printing list containing unicode string

Sion Arrowsmith siona at chiark.greenend.org.uk
Tue Sep 11 18:46:13 CEST 2007


Xah Lee  <xah at xahlee.org> wrote:
> "  It's very wasteful of space. In most texts, the majority of the
>code points are less than 127, or less than 255, so a lot of space is
>occupied by zero bytes. "
>
>Not true. In Asia, most chars has unicode number above 255. Considered
>globally, *possibly* today there are more computer files in Chinese
>than in all latin-alphabet based lang.

This doesn't hold water. There are many good reasons for preferring
UTF16 over UTF8, but unless you know you're only ever going to be
handling scripts from Unicode blocks above Arabic, it's reasonable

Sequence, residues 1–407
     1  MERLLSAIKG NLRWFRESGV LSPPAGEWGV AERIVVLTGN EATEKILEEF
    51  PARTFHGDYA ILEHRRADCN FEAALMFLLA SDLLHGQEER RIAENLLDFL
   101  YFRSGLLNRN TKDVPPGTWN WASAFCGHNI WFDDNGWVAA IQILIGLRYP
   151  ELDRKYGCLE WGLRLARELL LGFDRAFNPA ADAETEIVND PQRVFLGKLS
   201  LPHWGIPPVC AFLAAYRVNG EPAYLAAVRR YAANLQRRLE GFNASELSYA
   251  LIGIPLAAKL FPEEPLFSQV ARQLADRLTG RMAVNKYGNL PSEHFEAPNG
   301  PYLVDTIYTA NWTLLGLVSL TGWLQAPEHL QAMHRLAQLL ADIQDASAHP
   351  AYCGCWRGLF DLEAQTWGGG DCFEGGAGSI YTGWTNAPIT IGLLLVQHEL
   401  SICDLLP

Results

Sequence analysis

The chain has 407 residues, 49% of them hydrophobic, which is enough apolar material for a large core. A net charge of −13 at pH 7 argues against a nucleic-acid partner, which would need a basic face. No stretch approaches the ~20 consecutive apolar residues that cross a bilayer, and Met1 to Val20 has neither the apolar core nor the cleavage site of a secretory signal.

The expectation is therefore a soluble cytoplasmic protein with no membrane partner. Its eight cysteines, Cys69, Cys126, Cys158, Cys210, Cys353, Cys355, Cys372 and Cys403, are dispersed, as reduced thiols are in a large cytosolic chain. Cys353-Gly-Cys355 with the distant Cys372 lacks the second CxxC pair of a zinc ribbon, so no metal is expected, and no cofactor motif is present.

to assume that UTF8 will be at least as compact. Consider that
transcoding a Chinese file from UTF16 to UTF8 will probably increase
its size by 50% (the CJK ideograph blocks encode to 3 bytes). While
transcoding a document in a Western European langauge the other way
can be expected to increase its size by up to 100% (every single-
byte character is doubled). You'd have to be talking about double to
volume of CJK data before switching from UTF8 to UTF16 becomes even
a break-even proposition space-wise.

(It's curious to note that the average word length in English is
often taken to be 6 letters. Similarly, in UTF8-encoded Chinese the
average word length is 6 bytes....)

-- 
\S -- siona at chiark.greenend.org.uk -- http://www.chaos.org.uk/~sion/
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        -- Arthur C. Clarke
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